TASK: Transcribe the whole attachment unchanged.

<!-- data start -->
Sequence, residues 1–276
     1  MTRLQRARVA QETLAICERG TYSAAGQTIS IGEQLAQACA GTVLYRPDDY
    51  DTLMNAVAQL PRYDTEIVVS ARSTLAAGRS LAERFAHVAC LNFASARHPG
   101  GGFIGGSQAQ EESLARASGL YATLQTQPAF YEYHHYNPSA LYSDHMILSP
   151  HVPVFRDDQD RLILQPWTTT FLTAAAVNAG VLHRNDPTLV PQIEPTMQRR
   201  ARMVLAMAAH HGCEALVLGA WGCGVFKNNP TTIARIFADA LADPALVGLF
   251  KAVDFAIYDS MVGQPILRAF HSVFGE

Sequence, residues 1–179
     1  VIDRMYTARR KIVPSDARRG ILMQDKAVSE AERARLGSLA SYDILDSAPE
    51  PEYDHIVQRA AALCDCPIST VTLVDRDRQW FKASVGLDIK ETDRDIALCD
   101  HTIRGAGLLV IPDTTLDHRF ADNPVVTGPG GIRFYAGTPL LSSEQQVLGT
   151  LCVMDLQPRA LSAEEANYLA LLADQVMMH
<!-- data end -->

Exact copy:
Sequence, residues 1–276
     1  MTRLQRARVA QETLAICERG TYSAAGQTIS IGEQLAQACA GTVLYRPDDY
    51  DTLMNAVAQL PRYDTEIVVS ARSTLAAGRS LAERFAHVAC LNFASARHPG
   101  GGFIGGSQAQ EESLARASGL YATLQTQPAF YEYHHYNPSA LYSDHMILSP
   151  HVPVFRDDQD RLILQPWTTT FLTAAAVNAG VLHRNDPTLV PQIEPTMQRR
   201  ARMVLAMAAH HGCEALVLGA WGCGVFKNNP TTIARIFADA LADPALVGLF
   251  KAVDFAIYDS MVGQPILRAF HSVFGE

Sequence, residues 1–179
     1  VIDRMYTARR KIVPSDARRG ILMQDKAVSE AERARLGSLA SYDILDSAPE
    51  PEYDHIVQRA AALCDCPIST VTLVDRDRQW FKASVGLDIK ETDRDIALCD
   101  HTIRGAGLLV IPDTTLDHRF ADNPVVTGPG GIRFYAGTPL LSSEQQVLGT
   151  LCVMDLQPRA LSAEEANYLA LLADQVMMH